Estimating the historic size and current status of the Kemp's ridley sea turtle (Lepidochelys kempii) population
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Estimating the historic size and current status of the Kemp's ridley sea turtle (Lepidochelys kempii) population

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Details:

  • Journal Title:
    Ecosphere
  • Personal Author:
  • NOAA Program & Office:
  • Description:
    This study is a quantitative evaluation of historic nesting levels of the Kemp's ridley sea turtle (Lepidochelys kempii) in 1947 based on (1) the Herrera film of a 1947 arribada, (2) Hildebrand's 1947 report regarding the 1947 arribada shown in the Herrera film, (3) historic documentation regarding the Herrera film, and (4) current nesting characteristics related to arribada size relative to total nests for a season. Using this information in a quantitative approach, we estimate a total of approximately 26 916 nests during the 1947 arribada recorded by Herrera. Based on current nesting trends, we also predict that this would equate to approximately 121 517 total nests for the 1947 season (range of 82 514–209 953), which would represent approximately 48 607 nesting females (range of 33 006–83 981). This suggests that during and prior to the 1947 nesting season a relatively robust population of Kemp's ridleys existed, which could support arribadas consisting of at least 26 916 females. The results of the current study indicate that from 1947 through 1985 (the lowest point in the decline of Kemp's ridley nesting) the Kemp's ridley population underwent a 99.4% decline (range of 99.2–99.7%) from an estimated 121 517 nests per season in 1947 to 702 nests per season in 1985. Although the Kemp's ridley population has been recovering since the 1985 season, it has deviated from its exponential recovery rate and has declined in recent years. The current levels of nesting (12 053 nests in 2014) are still relatively low at 9.9% (range of 5.7–14.6%) of the total estimated nests that occurred in 1947. It is currently not clear whether this population will recover to historic levels considering recent nesting trends and due to a variety of threats that may hinder its recovery.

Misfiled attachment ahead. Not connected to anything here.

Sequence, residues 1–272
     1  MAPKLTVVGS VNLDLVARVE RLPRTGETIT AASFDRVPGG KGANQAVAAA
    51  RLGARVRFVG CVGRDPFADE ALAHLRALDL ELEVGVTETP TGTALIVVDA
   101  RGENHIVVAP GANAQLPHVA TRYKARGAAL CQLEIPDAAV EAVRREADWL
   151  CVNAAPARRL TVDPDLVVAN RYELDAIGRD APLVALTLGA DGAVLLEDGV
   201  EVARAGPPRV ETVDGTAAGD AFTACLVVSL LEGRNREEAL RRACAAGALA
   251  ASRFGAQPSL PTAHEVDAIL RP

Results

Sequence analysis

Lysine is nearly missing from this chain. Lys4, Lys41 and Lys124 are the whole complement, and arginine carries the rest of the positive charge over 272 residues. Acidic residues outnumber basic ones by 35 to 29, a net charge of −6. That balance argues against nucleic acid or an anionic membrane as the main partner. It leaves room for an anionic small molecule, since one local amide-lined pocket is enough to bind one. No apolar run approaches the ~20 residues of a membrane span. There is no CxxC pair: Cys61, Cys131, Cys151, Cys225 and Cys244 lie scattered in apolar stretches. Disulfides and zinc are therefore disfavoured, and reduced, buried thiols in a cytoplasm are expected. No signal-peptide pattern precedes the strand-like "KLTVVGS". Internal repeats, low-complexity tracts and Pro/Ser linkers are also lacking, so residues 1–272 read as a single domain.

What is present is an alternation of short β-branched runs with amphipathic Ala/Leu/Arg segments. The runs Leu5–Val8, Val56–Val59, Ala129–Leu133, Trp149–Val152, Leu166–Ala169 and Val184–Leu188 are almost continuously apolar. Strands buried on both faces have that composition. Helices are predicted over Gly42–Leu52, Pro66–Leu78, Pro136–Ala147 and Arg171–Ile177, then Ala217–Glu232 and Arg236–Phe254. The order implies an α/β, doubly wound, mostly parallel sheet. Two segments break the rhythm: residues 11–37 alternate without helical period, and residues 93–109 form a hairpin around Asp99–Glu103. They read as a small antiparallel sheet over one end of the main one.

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  • Source:
    Ecosphere, 7(3)
  • DOI:
  • ISSN:
    2150-8925;2150-8925;
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  • Rights Information:
    CC BY
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    Library
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